The message is loud and clear. The government desperately wants to revive the beleaguered BSNL and MTNL. After preparing an elaborate plan to revive both public sector telecom units last year, the Department of Telecommunications (DoT) has recently released a diktat for all ministries, government departments, central public sector undertakings, and even autonomous bodies under central government to mandatorily use the network of BSNL and MTNL for internet, broadband, landline and leased line connections.
The decision has generated extreme reactions within and outside the government departments. Some believe that it's a step in the right direction since it will help the loss-making PSUs in getting more revenues. Others say that it's anti-competitive and undermines the free market principles. "It's the government's money which must go into reviving the ailing PSUs. For those who say that it's anti-competitive, do they think that Airtel will allow Jio's connections in their offices," says NK Goyal, Chairman, TEMA.
Putting the reactions aside, let's look at the merits of the decision, and whether it will make a difference to BSNL and MTNL at all. Indian telecom sector is heavily dominated by wireless connections - about 79 per cent of the share in revenue pie. Since DoT's order doesn't cover wireless segment, a large section of the market will not be covered by it. Another 9 per cent of the market is controlled by consumer fixed broadband. This leaves the remaining 12 per cent market, which includes fixed landline and enterprises. DoT's decision will cover a tiny part of this 12 per cent, and so essentially, it could not make any dent into the revenues of private telcos.
In India, the landline market is already dying a slow death, thanks to the affordable mobile telecom services. For instance, the wireline connections have come down significantly over the years - from 24.62 million in July 2016 to 19.82 million in July 2020, a drop of 19.5 per cent. Overall tele-density of wireline services too has fallen sharply during the same period.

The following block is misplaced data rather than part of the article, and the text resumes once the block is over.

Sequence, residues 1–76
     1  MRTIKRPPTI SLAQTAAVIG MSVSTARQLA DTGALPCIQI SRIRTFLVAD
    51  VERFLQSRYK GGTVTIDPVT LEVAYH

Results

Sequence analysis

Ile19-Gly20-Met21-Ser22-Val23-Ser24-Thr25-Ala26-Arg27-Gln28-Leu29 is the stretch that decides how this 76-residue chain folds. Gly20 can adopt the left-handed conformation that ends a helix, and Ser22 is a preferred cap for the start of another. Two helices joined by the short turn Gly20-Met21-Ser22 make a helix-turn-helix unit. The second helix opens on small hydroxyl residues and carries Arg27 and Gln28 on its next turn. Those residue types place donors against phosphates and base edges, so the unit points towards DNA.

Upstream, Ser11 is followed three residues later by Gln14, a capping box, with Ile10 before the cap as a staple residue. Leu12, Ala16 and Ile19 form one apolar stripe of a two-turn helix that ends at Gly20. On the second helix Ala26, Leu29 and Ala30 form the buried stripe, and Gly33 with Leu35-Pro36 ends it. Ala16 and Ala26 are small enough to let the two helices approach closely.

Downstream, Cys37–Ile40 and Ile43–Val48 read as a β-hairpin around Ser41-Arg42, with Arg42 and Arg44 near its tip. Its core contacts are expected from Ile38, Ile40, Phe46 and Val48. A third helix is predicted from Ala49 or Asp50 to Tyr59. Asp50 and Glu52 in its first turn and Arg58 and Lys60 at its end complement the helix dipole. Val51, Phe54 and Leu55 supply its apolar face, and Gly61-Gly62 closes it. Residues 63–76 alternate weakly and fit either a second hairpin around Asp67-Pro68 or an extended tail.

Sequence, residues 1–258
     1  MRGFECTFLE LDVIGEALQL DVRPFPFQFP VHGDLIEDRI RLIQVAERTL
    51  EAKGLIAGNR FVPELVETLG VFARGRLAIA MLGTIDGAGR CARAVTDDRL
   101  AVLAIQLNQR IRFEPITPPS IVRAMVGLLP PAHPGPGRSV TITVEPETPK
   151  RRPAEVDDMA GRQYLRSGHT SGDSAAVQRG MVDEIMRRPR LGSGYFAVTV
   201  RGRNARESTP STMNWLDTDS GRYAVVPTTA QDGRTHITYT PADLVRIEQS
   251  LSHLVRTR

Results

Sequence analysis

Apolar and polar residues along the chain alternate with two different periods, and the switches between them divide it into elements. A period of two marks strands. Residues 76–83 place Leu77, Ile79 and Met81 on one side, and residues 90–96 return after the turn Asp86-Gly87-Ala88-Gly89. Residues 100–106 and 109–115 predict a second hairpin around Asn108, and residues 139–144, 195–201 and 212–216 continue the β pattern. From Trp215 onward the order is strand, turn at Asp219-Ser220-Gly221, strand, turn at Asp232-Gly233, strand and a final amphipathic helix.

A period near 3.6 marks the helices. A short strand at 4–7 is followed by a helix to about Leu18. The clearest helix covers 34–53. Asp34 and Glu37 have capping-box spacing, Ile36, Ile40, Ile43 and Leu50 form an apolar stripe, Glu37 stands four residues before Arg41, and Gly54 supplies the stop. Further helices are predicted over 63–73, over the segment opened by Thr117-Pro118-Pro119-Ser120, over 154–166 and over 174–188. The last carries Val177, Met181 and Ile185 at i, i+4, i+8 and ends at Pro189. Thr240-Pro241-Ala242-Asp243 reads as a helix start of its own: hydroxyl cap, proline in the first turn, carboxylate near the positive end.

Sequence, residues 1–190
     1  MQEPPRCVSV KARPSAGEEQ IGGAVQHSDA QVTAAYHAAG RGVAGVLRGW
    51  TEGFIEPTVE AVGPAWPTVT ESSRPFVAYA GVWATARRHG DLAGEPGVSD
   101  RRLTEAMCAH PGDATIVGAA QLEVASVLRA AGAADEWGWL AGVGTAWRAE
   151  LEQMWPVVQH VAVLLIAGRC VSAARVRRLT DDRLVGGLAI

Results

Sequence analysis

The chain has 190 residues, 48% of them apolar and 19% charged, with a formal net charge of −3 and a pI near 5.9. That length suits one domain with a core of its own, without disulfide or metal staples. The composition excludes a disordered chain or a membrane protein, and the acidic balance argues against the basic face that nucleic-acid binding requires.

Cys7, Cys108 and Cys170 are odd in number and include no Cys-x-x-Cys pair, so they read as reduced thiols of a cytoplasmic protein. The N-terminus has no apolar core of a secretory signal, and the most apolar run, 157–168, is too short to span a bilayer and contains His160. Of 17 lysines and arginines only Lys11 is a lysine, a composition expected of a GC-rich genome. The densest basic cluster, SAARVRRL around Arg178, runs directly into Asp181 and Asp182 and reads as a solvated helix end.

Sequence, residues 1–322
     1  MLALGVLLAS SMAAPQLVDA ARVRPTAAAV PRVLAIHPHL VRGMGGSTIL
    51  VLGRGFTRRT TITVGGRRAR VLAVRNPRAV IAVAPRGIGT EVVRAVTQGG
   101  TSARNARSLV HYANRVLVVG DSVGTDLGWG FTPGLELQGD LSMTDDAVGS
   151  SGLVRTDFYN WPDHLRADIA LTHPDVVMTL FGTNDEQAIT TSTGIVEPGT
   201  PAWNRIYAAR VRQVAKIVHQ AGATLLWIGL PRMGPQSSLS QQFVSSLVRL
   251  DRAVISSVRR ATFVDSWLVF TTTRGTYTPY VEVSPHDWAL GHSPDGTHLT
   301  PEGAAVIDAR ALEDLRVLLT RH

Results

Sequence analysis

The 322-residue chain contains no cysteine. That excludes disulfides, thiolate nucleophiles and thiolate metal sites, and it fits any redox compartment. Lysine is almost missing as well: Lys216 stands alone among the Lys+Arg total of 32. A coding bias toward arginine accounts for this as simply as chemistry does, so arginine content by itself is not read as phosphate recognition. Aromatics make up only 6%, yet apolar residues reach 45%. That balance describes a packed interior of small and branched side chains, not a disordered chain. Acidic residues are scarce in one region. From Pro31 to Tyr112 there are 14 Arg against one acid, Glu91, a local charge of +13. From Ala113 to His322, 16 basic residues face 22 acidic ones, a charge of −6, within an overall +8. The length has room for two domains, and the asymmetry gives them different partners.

Even though BSNL is the market leader in the wired broadband segment with 7.86 million subscribers (as on July), private telcos like Reliance Jio and Airtel have become far too aggressive to grow this market.
"BSNL's biggest strength in wireline and wired broadband is its reach to the remote parts of the country but private operators are catching up. Even if DoT has given assured business to BSNL/MTNL, the decision is not going to cover even 1 per cent of the total telecom market. This decision was surely long-pending, but I believe it's not going to revive the PSUs in any way," says a telecom consultant.
Last month, junior telecom minister Sanjay Dhotre informed the parliament that BSNL has incurred losses of Rs 38,397 crore over the past three years (FY18 to FY20) but the government has no plans to privatise the state-owned firm. The idea behind keeping BSNL/MTNL under its wings is two-fold. Being a communication company, BSNL has a strategic role to play for the government. Secondly, the government thinks that BSNL/MTNL help "maintain sober equilibrium in the industry".
Last October, the government had launched a revival plan for both BSNL and MTNL that included voluntary retirement scheme (VRS) for its employees, monetisation of assets, raising money through long-term bonds, and getting into 4G.
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